For all the doomsday warnings about the knock-on effects of the logjams on corporate earnings, companies generally seem to be managing fine — at least the large, public ones.
The supply chain crunch appears to have already peaked in the U.S. When I first wrote this in mid-October, it felt like a bold assessment. Over the past two years, just about anything that could go wrong with global supply chains has gone wrong, from volatile swings in demand, a wave of extreme weather events and even a container ship getting stuck in the Suez Canal. But evidence keeps piling up to suggest that the U.S. is slowly but surely making progress in easing freight congestion and supply shortages.
Global average ocean freight rates for a 40-foot container have now declined for eight straight weeks, according to data released Thursday from maritime advisory and research firm Drewry. Spot pricing for the busy Shanghai-to-Los Angeles trade route has bounced around more but is still down about 19% from its September peak. Meanwhile, the number of containers lingering for longer than nine days at the Port of Los Angeles has dropped by about a third since the hub announced a plan in October to start fining ocean carriers for excessive dwell times, Executive Director Gene Seroka said this week. The threat alone seems to have driven meaningful improvement, so the ports of L.A. and Long Beach have delayed the penalties (which start at $100 a day and rise in $100 increments) until at least later this month. An influx of additional sweeper ships used to pick up empty containers is also helping to clear dock space for new cargo, while local officials have agreed to temporarily increase the number of containers that can be vertically stacked in nearby warehouses and container yards.
The Worst May Be Over
For all the doomsday warnings about the knock-on effects of the logjams on corporate earnings, companies generally seem to be managing fine — at least the large, public ones. Target Corp. this week reported $2 billion of additional inventory on its balance sheet at the end of the third quarter compared with a year earlier as it stockpiled goods to meet holiday demand. The retailer said it had secured enough truck and rail capacity to support expected shipments in the final months of the year. In the industrial world, freight congestion and supply disruptions weighed on short-term sales, but the damage to profit margins ended up being fairly limited in the third quarter as companies flexed their pricing power. Most executives sound very optimistic about future demand in 2022 and beyond.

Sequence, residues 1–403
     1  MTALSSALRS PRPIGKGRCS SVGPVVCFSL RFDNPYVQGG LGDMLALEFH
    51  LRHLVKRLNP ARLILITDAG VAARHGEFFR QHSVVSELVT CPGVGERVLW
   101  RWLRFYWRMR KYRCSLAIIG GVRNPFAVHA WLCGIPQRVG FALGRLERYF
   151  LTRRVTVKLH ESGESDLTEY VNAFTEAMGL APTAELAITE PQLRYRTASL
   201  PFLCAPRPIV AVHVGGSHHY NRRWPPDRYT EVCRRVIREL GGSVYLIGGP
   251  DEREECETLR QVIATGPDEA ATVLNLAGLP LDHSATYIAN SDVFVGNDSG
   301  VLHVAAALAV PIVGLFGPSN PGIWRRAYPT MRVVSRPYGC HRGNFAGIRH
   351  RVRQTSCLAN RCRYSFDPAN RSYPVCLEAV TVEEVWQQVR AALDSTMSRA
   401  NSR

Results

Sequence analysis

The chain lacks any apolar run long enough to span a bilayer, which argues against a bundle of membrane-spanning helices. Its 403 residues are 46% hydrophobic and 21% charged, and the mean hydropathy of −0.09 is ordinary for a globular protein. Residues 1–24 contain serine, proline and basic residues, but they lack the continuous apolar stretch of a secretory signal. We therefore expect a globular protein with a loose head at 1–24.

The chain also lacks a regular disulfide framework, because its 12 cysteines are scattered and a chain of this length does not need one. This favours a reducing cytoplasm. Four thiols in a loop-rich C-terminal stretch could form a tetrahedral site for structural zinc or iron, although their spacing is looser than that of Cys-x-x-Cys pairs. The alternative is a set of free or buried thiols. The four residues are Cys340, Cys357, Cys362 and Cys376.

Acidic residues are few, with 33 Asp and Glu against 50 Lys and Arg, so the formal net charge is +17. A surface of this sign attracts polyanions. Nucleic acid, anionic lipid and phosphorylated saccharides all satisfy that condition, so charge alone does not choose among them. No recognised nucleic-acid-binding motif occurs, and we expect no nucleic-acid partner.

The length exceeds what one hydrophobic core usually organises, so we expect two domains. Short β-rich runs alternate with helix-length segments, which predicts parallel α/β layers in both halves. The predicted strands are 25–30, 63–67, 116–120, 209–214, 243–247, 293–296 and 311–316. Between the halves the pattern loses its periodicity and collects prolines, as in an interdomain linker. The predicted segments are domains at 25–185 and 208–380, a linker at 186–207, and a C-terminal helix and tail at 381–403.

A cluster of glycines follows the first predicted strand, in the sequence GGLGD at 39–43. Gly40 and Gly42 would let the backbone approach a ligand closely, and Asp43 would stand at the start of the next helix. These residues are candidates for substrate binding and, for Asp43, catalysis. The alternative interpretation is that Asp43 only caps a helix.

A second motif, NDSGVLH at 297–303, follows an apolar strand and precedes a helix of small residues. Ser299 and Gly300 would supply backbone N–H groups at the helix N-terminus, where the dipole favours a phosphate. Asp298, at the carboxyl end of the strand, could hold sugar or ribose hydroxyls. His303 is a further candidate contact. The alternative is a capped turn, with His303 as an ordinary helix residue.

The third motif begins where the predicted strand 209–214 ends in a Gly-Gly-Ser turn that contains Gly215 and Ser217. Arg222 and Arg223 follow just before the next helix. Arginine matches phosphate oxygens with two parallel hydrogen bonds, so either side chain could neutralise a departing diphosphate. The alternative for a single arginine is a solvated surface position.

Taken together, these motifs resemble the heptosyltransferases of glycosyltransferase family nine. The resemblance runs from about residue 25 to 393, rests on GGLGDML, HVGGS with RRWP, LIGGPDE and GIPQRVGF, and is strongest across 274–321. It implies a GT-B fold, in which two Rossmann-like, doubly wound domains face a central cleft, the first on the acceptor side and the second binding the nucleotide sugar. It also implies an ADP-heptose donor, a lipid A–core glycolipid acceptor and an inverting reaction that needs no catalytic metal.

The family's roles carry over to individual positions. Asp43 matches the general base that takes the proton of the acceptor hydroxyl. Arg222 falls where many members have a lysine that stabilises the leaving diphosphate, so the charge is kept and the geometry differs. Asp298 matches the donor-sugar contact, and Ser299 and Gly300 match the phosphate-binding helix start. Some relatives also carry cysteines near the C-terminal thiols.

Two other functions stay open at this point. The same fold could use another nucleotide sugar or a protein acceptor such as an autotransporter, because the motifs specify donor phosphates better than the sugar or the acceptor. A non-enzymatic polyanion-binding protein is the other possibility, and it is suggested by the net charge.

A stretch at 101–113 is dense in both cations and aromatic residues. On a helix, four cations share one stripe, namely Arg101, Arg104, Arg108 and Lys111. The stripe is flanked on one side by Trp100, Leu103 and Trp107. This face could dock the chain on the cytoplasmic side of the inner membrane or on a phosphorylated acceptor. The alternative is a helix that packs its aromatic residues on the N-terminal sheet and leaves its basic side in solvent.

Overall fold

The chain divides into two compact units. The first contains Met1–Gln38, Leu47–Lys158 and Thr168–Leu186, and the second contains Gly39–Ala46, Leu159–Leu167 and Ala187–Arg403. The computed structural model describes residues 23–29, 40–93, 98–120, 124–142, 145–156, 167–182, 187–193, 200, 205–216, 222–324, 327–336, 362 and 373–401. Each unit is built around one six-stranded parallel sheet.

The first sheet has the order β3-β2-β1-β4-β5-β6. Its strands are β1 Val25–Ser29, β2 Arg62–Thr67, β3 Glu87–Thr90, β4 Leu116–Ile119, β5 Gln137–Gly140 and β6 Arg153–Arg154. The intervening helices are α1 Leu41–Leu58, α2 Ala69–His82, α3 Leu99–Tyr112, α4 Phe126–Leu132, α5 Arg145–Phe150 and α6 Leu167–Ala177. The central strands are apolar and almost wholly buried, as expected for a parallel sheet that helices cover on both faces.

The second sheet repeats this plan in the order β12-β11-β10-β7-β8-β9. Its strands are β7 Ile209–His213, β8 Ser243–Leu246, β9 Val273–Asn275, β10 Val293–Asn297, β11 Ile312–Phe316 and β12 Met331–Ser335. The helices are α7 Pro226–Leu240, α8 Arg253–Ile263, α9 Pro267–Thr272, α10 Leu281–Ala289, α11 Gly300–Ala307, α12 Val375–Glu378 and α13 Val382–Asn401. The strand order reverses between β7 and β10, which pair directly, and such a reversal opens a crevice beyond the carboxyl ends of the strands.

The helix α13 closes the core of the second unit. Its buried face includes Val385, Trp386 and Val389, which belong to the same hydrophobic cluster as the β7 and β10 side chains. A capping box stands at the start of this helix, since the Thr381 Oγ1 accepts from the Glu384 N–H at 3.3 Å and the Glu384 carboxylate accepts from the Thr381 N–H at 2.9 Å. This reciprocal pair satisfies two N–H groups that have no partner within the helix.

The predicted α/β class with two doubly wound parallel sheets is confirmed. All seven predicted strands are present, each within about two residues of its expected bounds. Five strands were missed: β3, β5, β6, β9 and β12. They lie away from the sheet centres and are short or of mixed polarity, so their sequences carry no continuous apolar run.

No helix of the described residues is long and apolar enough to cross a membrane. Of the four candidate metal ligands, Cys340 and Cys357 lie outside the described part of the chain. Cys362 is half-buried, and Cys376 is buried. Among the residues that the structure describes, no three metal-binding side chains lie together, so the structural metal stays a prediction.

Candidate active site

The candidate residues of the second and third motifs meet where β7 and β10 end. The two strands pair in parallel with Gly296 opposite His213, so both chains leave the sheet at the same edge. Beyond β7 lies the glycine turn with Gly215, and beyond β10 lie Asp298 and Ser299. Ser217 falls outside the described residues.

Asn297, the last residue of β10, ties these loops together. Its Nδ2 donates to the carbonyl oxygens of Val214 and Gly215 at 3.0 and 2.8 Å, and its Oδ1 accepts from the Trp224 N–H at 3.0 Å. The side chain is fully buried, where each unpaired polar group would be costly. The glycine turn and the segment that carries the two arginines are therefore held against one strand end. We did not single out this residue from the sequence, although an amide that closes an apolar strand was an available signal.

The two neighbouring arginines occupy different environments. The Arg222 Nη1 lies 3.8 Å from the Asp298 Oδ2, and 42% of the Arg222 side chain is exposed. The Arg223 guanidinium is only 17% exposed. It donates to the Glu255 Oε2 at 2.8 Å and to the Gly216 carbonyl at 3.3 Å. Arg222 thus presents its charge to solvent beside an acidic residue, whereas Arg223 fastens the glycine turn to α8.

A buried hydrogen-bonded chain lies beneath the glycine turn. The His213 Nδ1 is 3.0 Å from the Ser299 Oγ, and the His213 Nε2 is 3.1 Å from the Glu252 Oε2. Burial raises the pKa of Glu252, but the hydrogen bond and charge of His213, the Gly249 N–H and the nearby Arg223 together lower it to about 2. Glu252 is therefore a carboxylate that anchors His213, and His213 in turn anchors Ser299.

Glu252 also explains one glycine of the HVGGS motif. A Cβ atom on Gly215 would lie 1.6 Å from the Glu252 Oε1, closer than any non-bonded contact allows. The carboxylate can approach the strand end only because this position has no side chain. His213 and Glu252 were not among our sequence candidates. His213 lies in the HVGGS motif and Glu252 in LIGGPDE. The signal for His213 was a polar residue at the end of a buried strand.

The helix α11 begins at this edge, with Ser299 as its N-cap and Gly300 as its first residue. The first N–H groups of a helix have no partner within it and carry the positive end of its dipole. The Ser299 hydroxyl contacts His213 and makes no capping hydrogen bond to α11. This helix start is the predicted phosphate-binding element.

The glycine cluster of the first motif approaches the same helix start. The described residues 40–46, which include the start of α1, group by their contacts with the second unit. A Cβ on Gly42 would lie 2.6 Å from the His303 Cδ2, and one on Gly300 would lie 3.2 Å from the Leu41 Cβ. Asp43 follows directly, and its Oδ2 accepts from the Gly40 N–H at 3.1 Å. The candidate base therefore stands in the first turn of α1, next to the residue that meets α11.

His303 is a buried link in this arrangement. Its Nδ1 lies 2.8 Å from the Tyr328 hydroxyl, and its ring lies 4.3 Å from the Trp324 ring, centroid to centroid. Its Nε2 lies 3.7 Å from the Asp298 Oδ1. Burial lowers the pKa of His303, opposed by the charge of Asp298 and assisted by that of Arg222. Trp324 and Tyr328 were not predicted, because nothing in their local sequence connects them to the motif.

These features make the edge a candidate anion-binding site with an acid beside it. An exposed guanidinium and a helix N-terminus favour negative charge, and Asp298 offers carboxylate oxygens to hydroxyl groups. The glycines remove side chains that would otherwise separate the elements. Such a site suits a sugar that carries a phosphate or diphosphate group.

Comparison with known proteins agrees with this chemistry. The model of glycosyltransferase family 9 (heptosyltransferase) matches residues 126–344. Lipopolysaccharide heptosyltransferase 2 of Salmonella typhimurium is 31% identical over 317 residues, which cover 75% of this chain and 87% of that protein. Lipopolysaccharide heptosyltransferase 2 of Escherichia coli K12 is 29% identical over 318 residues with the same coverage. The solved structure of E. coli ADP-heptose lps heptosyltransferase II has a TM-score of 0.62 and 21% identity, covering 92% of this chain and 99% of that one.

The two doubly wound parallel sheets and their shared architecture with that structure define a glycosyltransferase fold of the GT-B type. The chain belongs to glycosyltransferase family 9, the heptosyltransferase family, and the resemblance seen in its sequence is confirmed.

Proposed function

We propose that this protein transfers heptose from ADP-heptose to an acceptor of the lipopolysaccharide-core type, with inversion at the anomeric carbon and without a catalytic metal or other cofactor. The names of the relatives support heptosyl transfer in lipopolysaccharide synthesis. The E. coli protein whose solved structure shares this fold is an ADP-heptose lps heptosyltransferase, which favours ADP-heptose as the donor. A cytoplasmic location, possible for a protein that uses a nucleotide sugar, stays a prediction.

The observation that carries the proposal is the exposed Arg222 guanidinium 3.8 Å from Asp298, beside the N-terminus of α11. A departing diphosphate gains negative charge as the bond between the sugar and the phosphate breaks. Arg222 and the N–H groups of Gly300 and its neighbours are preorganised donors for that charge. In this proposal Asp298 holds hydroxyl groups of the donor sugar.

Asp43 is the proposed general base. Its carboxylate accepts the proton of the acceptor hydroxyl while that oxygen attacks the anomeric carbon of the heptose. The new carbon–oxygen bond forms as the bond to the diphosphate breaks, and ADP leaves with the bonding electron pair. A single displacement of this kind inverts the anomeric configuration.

US manufacturing output rose in October to the highest level since March 2019, Federal Reserve data showed this week. The factory production rebound was driven in part by an 11% jump in motor vehicles and parts, suggesting that even the automotive industry, hit hard by the semiconductor shortage, is navigating the supply crunch. Indeed, October marked the peak of the chip crunch at Toyota Motor Corp., Bob Carter, the company’s executive vice president for North American sales, told CNBC. That echoed commentary from Honeywell International Inc. Chief Executive Officer Darius Adamczyk, who also predicted that availability of industrial-oriented semiconductors would soon improve.
To be sure, a peak in supply-chain stress doesn’t mean it’s over. Shipping costs are still very high on a historical basis: The global benchmark rate is up more than 200% from the same period last year, Drewry data show. The number of container ships waiting to enter the ports of Los Angeles and Long Beach has hit new records in recent days, and as of Wednesday there were still around 80 anchored or idling further off shore, according to the Marine Exchange of Southern California. Average wait times continue to stretch. For every CEO that’s willing to call a peak — and there have been a growing number in recent weeks, from air-conditioner manufacturer Lennox International Inc. to supply-chain management firm GXO Logistics Inc. — there are others who remain more circumspect.
“There’s been some acceleration of the ports moving containers out and some early signs of dampening on ocean freight rates in the spot market,” Bob Biesterfeld, CEO of freight broker C.H. Robinson Worldwide Inc., said in an interview. “Whether or not that’s a trend is yet to be determined. But the market relative to normal — whatever normal is — is still largely dislocated.” Black Friday is only a week away, and there’s probably stuff on those 80 waiting boats that some people would prefer to have in inventory, Biesterfeld said.
But for the supply-chain crunch to get better, it first needed to stop getting worse. That at least appears to have happened.